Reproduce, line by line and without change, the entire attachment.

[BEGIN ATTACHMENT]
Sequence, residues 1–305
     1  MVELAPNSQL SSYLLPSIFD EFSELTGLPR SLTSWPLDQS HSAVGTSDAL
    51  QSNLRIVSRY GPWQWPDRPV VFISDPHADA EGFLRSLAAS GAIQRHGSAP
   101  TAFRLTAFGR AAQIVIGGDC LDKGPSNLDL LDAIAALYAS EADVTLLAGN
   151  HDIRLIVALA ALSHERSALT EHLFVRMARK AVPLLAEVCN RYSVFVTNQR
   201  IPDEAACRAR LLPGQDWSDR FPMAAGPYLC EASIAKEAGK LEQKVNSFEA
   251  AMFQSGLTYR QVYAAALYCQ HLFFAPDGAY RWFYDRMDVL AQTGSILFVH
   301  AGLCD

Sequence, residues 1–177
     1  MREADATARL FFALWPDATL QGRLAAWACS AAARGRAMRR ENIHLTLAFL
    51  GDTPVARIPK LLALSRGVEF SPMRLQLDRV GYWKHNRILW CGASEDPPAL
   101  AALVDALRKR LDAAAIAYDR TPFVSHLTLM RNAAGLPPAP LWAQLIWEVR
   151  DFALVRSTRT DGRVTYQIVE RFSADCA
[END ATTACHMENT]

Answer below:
Sequence, residues 1–305
     1  MVELAPNSQL SSYLLPSIFD EFSELTGLPR SLTSWPLDQS HSAVGTSDAL
    51  QSNLRIVSRY GPWQWPDRPV VFISDPHADA EGFLRSLAAS GAIQRHGSAP
   101  TAFRLTAFGR AAQIVIGGDC LDKGPSNLDL LDAIAALYAS EADVTLLAGN
   151  HDIRLIVALA ALSHERSALT EHLFVRMARK AVPLLAEVCN RYSVFVTNQR
   201  IPDEAACRAR LLPGQDWSDR FPMAAGPYLC EASIAKEAGK LEQKVNSFEA
   251  AMFQSGLTYR QVYAAALYCQ HLFFAPDGAY RWFYDRMDVL AQTGSILFVH
   301  AGLCD

Sequence, residues 1–177
     1  MREADATARL FFALWPDATL QGRLAAWACS AAARGRAMRR ENIHLTLAFL
    51  GDTPVARIPK LLALSRGVEF SPMRLQLDRV GYWKHNRILW CGASEDPPAL
   101  AALVDALRKR LDAAAIAYDR TPFVSHLTLM RNAAGLPPAP LWAQLIWEVR
   151  DFALVRSTRT DGRVTYQIVE RFSADCA